In the series “My Unsung Hero,” the team at Hidden Brain tells stories of people whose kindness left an impression on another person. Mary Amato encountered her hero after a hard pregnancy and birth.
KELSEY SNELL, HOST:
When times are stressful, it can help to think about the people who’ve helped us in moments of need. Today, we kick off a new series from the team at Hidden Brain. It’s called My Unsung Hero. Each week, we’ll bring you stories of people whose kindness left a lasting impression on another person. We begin today with Mary Amato. Mary encountered her unsung hero shortly after a difficult pregnancy and the birth of her second child. Mary’s choice to become a stay-at-home mom was starting to weigh on her.
MARY AMATO: My husband, a science writer, had just won an award for his writing from a chemistry association, and we were flown from D.C. to California for the big award banquet. It was really exciting, but I was also a mess. I was having an identity crisis. I had quit my job when our first child was born because I felt that raising kids was important work, and I wanted to do that work. But people would say you stopped working. I had been working harder than I had ever worked and not getting a single paycheck or recognition from my social network.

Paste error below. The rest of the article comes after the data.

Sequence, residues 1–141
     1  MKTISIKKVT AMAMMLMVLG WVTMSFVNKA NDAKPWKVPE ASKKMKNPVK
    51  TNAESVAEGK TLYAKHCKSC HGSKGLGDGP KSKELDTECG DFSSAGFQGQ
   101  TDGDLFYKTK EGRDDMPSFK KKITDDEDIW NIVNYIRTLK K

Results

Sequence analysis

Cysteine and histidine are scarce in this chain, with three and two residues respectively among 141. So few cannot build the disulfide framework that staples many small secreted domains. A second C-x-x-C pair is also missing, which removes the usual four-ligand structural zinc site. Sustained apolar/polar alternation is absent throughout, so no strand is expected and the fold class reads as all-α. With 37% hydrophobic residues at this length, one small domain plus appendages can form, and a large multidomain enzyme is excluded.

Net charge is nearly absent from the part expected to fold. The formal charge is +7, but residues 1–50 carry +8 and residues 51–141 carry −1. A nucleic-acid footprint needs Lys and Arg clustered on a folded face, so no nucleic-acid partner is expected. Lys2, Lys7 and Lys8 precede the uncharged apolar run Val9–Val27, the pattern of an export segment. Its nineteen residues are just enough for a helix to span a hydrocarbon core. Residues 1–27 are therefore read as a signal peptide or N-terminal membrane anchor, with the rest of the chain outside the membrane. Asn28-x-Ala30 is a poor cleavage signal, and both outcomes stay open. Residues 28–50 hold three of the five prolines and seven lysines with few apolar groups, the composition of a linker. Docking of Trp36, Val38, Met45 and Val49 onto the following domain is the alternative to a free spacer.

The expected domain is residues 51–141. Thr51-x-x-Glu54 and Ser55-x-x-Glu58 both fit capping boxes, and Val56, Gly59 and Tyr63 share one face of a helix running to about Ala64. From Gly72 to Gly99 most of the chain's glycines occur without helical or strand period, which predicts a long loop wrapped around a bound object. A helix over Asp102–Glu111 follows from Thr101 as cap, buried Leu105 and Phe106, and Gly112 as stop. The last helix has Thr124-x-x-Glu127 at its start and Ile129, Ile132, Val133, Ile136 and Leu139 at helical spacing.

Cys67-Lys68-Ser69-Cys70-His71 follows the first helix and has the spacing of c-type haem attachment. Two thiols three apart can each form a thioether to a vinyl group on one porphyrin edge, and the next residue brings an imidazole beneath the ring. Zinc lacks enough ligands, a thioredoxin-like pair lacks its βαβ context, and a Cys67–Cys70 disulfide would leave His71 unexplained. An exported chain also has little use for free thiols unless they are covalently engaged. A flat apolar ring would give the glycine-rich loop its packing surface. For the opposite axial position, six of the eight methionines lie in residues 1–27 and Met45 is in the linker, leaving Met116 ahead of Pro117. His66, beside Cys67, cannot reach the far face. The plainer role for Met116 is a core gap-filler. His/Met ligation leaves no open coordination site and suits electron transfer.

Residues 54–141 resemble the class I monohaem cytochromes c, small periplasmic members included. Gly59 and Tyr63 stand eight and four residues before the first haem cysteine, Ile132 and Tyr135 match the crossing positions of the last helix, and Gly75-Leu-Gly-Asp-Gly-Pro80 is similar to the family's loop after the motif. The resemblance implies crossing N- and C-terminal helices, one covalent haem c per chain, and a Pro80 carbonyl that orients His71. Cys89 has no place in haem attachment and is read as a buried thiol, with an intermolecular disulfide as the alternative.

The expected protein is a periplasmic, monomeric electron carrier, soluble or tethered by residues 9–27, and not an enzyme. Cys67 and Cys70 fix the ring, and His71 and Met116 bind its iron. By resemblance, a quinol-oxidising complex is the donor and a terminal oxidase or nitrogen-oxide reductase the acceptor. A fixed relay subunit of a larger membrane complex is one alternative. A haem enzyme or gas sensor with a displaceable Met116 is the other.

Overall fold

And the host took the mic and introduced my husband, listing all of his accomplishments. And then after this long list, the host gestured to me, a homemaker and mother of two. This was the first time I ever heard myself defined by those words. The place was full of scientists, mostly men, but there were a handful of women. And I remember feeling a sense of shame, and I thought they must either see me as clueless or as a traitor to the cause.
After the speech and the banquet was over, I sat at the big round table alone, feeling way too self-conscious to mingle, staring at my dessert plate. And then one of those older female scientists walked up to me. She looked me straight in the eye and she said, I just want you to know I’m sorry. She said, I just want you to know that what you’re doing is so valuable. And she moved on before I had a chance to thank her. She had given me exactly what I needed in that time. Now, when I see a woman or a man during the middle of a workday pushing a stroller, I will often stop and say what you are doing is so valuable. Thank you.
SNELL: Mary Amato of New York. Mary is now a children’s book author and educator. You can share the story of your unsung hero. Record a voice memo on your phone and email it to email@example.com.
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